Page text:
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'Restore rail link' plea after storm leaves Cornwall cut off from network

By DaveCDM  |  Posted: February 05, 2014

Comments (3)

THE Government is being urged to take immediate action to repair storm damaged rail lines after the overnight storm left Cornwall cut off from the national rail network.

Cornwall Council Leader John Pollard said the contuinuing run of stormy weather is badly damaging the county's economy.

He said: “We cannot afford any interruption to this vital rail link and the Government needs to act to ensure that repairs are carried out immediately.

"Our road and air links continue to work well and Cornwall remains open for business, however the rail link is crucial to our economy and we need Government support now.

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"We are similarly concerned that the vital link to the Isles of Scilly is maintained by sea and air.“

“As a result of the recent storms some communities across Cornwall have suffered significant structural damage which will cost millions of pounds to repair.

"Council staff are doing a superb job offering practical support and protecting people and the infrastructure but the growing list of damage means that we need the assurance that the Government will help.

"Cornwall Council and its partners are doing everything possible and the co ordinated approach across the region in a example of what can be achieved.

"However, now we need money and action from National bodies to ensure that peoples lives can return to normal as soon as possible."

At Prime Minister's Questions in the House of Commons this lunchtime Cornwall MP Andrew George raised the issue of rail links with David Cameron.

Mr George told the PM that residents in Cornwall were concerned about being cut off and asked if the government would invest to make sure the rail link to Penzance stays open.

Mr Cameron responded saying that he would look at the issue.

Truro and Falmouth MP Sarah Newton also backed the calls for investment to be made in the railway.

She said: "Cornwall’s rail connectivity needs urgently to be improved. Whilst progress has been made over the past year mainline trains are still too few in number at the best of times, and cease entirely when severe weather cuts the line.

"In PMQs today it was good to see the Prime Minister commit to urgent action to restore the Penzance to Paddington line."

Mebyon Kernow also joined the calls for more investment to improve the railway line into Cornwall.

MK deputy leader and Cornwall councillor Andrew Long said: "This most recent damage has, unfortunately, been coming for years, given the precarious nature of the rail line at Dawlish and Dawlish Warren. Whilst everyone is thankful that no loss of life has occurred, we are frustrated that despite the last few years of closures due to the weather along this line.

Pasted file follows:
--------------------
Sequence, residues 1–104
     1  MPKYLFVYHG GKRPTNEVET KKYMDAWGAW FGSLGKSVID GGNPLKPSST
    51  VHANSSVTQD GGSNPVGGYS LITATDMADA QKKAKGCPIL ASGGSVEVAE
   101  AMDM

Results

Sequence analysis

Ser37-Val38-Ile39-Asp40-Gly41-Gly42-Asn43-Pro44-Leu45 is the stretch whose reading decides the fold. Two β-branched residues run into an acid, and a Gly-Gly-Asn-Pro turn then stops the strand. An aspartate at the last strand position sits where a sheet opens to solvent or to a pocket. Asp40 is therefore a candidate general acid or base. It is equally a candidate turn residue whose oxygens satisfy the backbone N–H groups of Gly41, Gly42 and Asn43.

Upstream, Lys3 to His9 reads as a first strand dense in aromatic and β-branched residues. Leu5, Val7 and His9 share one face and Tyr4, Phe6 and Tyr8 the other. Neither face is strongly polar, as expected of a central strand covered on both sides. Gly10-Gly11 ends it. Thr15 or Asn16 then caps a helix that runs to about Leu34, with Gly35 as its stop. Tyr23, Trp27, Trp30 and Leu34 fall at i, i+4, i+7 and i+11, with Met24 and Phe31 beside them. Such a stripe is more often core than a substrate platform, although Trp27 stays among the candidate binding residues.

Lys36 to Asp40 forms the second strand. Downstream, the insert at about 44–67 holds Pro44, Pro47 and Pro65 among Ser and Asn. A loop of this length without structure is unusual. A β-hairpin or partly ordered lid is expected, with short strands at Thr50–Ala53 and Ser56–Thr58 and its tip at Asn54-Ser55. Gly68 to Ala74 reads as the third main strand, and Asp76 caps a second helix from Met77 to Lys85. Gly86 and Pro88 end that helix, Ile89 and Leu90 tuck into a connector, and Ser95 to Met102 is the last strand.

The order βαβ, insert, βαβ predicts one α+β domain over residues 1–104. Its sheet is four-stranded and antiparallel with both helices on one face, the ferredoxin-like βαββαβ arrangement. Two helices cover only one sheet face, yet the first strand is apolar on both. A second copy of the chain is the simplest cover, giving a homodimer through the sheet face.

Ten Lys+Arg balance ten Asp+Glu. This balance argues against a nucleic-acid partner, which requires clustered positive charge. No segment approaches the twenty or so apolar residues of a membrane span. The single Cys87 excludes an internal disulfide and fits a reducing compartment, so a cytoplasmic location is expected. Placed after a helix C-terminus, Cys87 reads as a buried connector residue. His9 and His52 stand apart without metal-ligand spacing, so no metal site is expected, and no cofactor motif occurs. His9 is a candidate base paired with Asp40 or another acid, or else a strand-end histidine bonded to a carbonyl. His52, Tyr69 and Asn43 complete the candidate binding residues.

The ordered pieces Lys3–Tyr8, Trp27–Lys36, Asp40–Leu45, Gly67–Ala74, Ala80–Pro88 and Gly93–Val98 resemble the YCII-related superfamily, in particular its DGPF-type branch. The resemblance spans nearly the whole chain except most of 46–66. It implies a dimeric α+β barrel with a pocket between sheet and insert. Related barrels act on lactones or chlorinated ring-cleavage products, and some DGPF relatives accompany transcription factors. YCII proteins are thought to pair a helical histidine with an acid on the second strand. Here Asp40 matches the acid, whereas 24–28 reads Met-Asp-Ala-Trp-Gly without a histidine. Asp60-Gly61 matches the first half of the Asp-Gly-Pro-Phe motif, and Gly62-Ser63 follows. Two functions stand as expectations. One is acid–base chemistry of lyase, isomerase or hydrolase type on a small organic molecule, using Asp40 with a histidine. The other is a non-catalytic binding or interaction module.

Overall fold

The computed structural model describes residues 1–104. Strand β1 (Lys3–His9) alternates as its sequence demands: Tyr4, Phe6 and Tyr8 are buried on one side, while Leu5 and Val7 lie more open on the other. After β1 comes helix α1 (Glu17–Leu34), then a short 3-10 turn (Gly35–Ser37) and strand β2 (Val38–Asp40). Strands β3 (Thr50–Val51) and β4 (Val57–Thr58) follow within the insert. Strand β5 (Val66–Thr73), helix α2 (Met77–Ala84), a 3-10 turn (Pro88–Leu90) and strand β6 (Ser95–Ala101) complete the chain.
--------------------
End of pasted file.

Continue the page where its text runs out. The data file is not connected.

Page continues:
“We are still waiting for action to be commenced on a long term solution to this problem – which is the re-direction of this line inland. Why is it that the government are happy to spend billions on marginal increase in speeds between London and Birmingham, they seem to have a blind eye when looking at this vital link to Cornwall?

“Network Rail are hinting that this most recent closure could last into months, and if so this would have a devastating effect on the Cornish Economy.

“Now is the time for the Government to take firm action and agree that a new route is the only real solution to this problem. Changes in the weather patterns hint that we will face more and more of these storms in the coming decades and we need now to start the process to solve the long term problem and bring the rail line up to standard."

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  • Gwiwer57  |  February 06 2014, 5:13AM

    The route through Okehampton and Tavistock fails to serve the largest communities in Devon affected by the Dawlish closure namely Torquay, Paignton and Newton Abbot. Those places need to remain rail-linked towards both London and Plymouth. As a diversionary route there may be merit in restoring it but would we then keep both routes open? The journey times would also blow out by at least 30 minutes and possibly an hour for Cornwall - London travel. Remember the line also floods at Cowley Bridge north of Exeter so even if the "Southern" route was restored it would still suffer from flood-related closures there. Tavistock - Plymouth should support a regular daily service; Okehampton - Exeter likewise. The bit through the middle was never busy and there are no suggestions to reopen stations making it of no use for locals outside those major towns. The coastal main line will be restored and as speedily as possible. It will always suffer from being on the sea wall but it is also the rail lifeline for south Devon and to Cornwall which the Tavistock route is unlikely to ever rival.

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  • Dale_Minks  |  February 05 2014, 8:42PM

    Couldn't agree more with previous comment. The daily telegraph is reporting that in 2009 it was estimated that the cost of reinstatement of the missing piece of Exeter Plymouth via Okehampton route (Meldon to Bere Alston) would be £100m. A lot of money? Not when you think a major new hospital can cost £300m and the new bridge over the river Mersey will cost £400m. What's stopping the government except inertia and lack of public pressure to get it done, and done ASAP?

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  • josdave  |  February 05 2014, 6:58PM

    They should have re-opened the Tavistock line across the moors when they had the chance. Now we are completely dependent on the line though Dawlish. Planners? They don'y know the meaning of the word.